If that sounds like a dodge, please stay with me. Style Debaters, either by choice or by necessity, do not make arguments in any meaningful sense. They do not try to convince people by marshaling facts and logic. They want to convince people either by confusing them or by appealing to something other than their ability to think and reason. The old saw about lawyering -- "If the facts are against you, pound the law; if the law is against you, pound the facts; and if both the facts and the law are against you, pound the table." -- gets at this in a different way. All three bits of advice are variations on Style Debating, because they are a matter of telling someone how to win even when they have a weak case. The latter approach is the worst, of course, but the idea is that sometimes there is nothing that a Content Debater can say, so it becomes necessary to resort to distortions and misdirection.
Yet the selling point of competitive debate (parliamentary and otherwise) is that it supposedly teaches young people to be able to construct content-based arguments and present them effectively. That is why debaters are randomly assigned to one side or the other of a question. The idea is to develop the skill of making the best possible argument for any position, no matter the debater's own views or which side of the question "should" win in some Platonic sense.
So yes, the William Jennings Bryan imitators are Style Debaters, but so are the table pounders and the distractors. Cruz's stock in trade -- based on what people have said about his Princeton debating days and what we can all see today -- involves a disastrously failed attempt to mimic folksy country lawyers combined with efforts to stoke people's fears and hatreds.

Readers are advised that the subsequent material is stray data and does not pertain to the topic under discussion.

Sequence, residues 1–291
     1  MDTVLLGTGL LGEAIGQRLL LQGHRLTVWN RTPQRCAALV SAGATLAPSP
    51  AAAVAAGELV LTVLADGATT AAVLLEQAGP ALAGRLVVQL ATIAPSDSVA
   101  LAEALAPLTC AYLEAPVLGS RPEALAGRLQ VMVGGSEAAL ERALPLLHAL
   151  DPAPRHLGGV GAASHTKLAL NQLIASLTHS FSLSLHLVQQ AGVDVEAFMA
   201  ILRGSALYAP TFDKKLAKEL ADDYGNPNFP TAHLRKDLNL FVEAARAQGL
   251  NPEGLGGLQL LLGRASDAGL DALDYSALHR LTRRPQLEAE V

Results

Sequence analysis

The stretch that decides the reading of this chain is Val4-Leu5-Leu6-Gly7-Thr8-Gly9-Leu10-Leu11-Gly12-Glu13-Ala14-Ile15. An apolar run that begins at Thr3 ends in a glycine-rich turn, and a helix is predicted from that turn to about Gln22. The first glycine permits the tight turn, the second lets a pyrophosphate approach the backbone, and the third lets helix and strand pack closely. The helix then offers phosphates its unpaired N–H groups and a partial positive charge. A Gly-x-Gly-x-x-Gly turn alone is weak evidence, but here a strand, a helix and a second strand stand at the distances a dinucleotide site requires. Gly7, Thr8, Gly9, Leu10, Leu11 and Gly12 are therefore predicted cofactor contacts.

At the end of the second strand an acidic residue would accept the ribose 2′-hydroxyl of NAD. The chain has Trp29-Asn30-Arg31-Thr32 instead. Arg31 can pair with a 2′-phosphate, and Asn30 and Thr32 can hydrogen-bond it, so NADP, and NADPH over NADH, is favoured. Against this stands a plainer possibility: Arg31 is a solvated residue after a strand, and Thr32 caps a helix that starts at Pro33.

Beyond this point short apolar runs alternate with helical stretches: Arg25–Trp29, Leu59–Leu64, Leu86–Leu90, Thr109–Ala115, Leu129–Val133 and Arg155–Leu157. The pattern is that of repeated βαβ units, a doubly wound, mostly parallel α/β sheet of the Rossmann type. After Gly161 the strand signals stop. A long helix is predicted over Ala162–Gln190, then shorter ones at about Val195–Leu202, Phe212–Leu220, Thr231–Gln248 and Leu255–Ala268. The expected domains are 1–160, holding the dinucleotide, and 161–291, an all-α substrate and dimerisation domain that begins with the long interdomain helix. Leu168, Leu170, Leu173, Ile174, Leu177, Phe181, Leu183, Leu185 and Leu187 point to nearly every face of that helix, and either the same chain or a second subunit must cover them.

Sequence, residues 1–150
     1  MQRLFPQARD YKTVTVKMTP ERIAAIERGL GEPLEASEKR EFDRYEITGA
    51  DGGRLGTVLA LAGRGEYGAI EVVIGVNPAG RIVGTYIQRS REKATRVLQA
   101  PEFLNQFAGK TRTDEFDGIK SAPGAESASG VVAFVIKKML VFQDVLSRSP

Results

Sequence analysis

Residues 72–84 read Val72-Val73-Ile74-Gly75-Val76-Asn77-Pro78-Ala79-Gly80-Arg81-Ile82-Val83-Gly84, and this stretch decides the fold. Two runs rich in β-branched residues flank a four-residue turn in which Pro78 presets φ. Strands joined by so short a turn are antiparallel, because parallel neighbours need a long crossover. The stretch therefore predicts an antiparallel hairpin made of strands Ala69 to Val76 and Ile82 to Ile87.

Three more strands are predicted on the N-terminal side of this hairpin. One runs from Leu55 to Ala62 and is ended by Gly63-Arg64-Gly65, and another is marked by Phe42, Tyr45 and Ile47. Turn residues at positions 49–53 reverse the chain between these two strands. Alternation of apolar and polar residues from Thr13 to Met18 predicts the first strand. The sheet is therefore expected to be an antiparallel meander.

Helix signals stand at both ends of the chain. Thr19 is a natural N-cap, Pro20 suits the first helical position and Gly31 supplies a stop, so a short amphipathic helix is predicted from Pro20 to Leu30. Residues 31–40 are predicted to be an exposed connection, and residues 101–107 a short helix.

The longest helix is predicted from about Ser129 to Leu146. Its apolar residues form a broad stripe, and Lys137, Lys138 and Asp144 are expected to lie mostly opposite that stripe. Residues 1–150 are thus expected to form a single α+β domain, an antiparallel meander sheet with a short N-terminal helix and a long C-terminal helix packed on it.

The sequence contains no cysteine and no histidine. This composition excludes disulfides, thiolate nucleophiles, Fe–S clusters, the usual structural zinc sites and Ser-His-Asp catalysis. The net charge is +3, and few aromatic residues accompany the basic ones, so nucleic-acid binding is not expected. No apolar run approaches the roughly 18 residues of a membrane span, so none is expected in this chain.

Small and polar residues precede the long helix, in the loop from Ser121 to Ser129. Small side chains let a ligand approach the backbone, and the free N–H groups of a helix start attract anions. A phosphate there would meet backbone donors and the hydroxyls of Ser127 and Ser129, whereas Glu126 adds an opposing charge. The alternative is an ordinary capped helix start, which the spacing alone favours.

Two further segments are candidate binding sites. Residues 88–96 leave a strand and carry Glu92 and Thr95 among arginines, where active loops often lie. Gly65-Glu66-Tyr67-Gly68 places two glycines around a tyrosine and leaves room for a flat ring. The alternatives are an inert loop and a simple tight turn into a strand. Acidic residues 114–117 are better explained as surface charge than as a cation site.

As I noted last week, his default is to "be outraged," hoping that people will not stop and realize that he is saying nonsensical things. I pointed specifically to his effort to distract people from the possibility of supporting gun control, where he responded to Democrats' weary observation that "thoughts and prayers are not enough" with this weird twist: "I don’t apologize for thoughts or prayers! And the contempt of Democrats for prayers is an odd sociological thing!" He merely seized on the emotionally loaded topic of religion and claimed that his opponents have "contempt" for what good Americans hold dear.